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The Iran Deal in Action: What Iran’s Release of 10 US Sailors Means for National Security

The Iran Deal in Action: What Iran’s Release of 10 US Sailors Means for National Security

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On January 12th, the Revolutionary Guard took two Navy ships carrying weapons and 10 sailors into custody after mistakenly drifting into Iranian territorial waters off the Coast of Farsi Island. The crew was on their way to Kuwait from Bahrain in an area known for its navigational complexity. Approximately 16 hours later, the ships and crew members were released from custody without incident. The episode stands as testament to the power of the of the Joint Comprehensive Plan of Action, commonly referred to as the Iran Nuclear Deal, and the importance of diplomacy in national security strategy.

As Secretary of State John Kerry noted, it was the same lines of communication foraged through the JCPOA negotiation process that enabled the speedy release of the 10 US sailors. The success of this summer’s diplomatic endeavor prevented a potential military and geopolitical mess at a time when tensions between Saudi Arabia and Iran continue to run high over the backdrop of a massive refugee crisis and unrest across the region.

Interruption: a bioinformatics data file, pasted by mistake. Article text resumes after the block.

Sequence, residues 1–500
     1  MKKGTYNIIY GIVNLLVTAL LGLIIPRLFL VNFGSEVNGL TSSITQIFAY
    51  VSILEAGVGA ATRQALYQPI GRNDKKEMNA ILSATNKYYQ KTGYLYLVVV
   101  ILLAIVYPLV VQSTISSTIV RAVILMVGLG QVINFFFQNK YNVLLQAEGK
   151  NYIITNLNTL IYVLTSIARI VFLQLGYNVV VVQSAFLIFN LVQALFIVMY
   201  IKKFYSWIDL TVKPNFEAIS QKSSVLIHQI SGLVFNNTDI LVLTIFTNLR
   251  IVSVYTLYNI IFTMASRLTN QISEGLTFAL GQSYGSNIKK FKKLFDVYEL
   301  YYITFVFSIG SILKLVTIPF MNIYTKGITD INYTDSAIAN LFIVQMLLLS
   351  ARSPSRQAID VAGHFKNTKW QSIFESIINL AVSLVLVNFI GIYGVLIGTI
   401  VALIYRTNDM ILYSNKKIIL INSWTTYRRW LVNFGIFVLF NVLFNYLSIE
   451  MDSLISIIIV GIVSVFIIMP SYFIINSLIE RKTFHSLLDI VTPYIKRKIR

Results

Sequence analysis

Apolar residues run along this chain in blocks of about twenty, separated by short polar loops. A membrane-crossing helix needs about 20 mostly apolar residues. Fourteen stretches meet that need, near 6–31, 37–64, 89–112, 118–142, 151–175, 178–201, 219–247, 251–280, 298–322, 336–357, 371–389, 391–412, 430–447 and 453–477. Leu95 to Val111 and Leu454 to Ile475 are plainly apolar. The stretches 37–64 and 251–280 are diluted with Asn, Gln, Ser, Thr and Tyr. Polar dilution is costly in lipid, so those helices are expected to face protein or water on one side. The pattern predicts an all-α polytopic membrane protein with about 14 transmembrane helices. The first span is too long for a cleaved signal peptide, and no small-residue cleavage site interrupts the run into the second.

While it can be difficult to prove one event prevented another, history is in favor of the argument nonetheless. The US takes the safety of its soldiers, sailors, airmen and marines seriously, and there are few examples of where their detainment by non-US governments has been met with anything but hostility. For example: the October 1989 US invasion of Panama following an attack on four off-base US military personnel that left one Marine dead; and the Hainan Island Incident in April 2001 when 24 crew members were held captive for 10 days by China and a US Navy P-3 was disassembled and stripped of sensitive material prior to its piece-meal return.

Fortunately in this most recent case, it is not the detainment of US sailors in Iran that is the story. Rather it is their apparently seamless release that is cause for attention. All crew members, weapons, and ships were returned without harm and fully intact. Though the photographs of the incident leave much to be desired, they are far from what images would have been likely if it had taken place in 1983.

The release of the US sailors serves as a shining example of the irrefutable role of diplomacy in national security. Iran is far from an ideal ally—particularly as Washington Post reporter and Iranian-American citizen Jason Rezaian remains imprisoned. Nonetheless, as Iran removes the core of their nuclear reactor and fills it with cement opening the door for the easing of sanctions in just a manner of days, it is clear times are changing.


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LTG Kennedy and BGen. Cheney in LA Times on Ambassadors and National Security

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